Humanitarian Aid

Humanitarian Aid without Taliban Controls

A humanitarian crisis is now affecting millions of people in Afghanistan. The economy is on the brink of collapse. Millions of people, especially women, have lost their jobs and incomes. Afghans cannot get their own money out of Afghan banks. Extreme droughts and the COVID-19 pandemic brought unprecedented poverty levels to the country before the Taliban takeover in 2021, and its brutal regime has worsened the situation. 

Acute malnutrition is spiking and nearly 90% of households are experiencing malnutrition or hunger. The increase in poverty has put women and girls even more at risk for violence, including child forced marriage, domestic abuse, and human trafficking. Media report that some Afghans sell their body parts, especially kidneys, and at times sell their young girls so that desperate families can feed the rest of their children. 

Nearly all donor countries around the world agree that under these horrid circumstances, humanitarian aid is needed, but sanctions against the Taliban should continue. However, humanitarian aid must also be provided in a way that prevents the Taliban from controlling the funding and distribution.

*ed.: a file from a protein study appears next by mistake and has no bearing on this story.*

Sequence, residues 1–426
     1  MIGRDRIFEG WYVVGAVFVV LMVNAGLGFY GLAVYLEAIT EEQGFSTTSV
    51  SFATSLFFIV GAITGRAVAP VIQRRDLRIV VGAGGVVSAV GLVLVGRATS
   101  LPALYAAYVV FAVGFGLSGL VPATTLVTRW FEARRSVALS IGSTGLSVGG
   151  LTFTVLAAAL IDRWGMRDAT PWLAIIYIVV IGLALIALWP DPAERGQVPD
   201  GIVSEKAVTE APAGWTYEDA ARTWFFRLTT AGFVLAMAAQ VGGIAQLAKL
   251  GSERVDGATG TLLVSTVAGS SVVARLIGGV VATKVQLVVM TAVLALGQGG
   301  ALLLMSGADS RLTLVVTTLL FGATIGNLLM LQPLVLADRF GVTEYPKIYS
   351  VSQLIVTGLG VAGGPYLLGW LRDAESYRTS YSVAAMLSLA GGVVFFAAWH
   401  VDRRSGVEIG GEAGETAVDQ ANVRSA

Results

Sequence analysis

The solution is limited engagement by the donor countries only for humanitarian purposes to meet the Afghan people’s urgent needs. Humanitarian aid can and should be provided through the United Nations, as well as Afghan and international non-governmental organizations (NGOs). All Afghans should have access to distribution of food and other assistance, regardless of gender, ethnicity, or religion. 

Women must be involved in the distribution of aid, and aid groups should particularly seek out female heads of households, many of whom are widows due to more than four decades of war. Single and widowed women are especially vulnerable because Taliban rules say no women may leave their homes “unless necessary and only with a male escort,” making a paid job for single women nearly impossible. 

Humanitarian aid must continue and increase.

In January 2022, the UN and partner countries launched an appeal for more than $4.4 billion in funding for Afghanistan to help rebuild basic services. However, the United Nations Office for the Coordination of Humanitarian Affairs reports that donors contributed only $2.44 billion to Afghanistan humanitarian assistance programs in March 2022, a steep decline. Unfortunately, donor interest in expanding humanitarian aid to Afghanistan appears to be dwindling.

Funding is needed for emergency cash relief, food, education, shelter, trauma care and essential health services, water, sanitation, protection against gender-based violence, increased development, and reintegration assistance to internally displaced and returnee populations, as well as Afghan refugee populations in neighboring countries and throughout the world.

Aid funding must help people help themselves.

Many Afghans want to have economic independence. Afghan women’s rights leaders have strongly encouraged funding for women to re-start and establish small businesses. Micro-loans and education in specialties like technology, finance, and other areas are some ways for women to get capital that will be needed beyond humanitarian aid.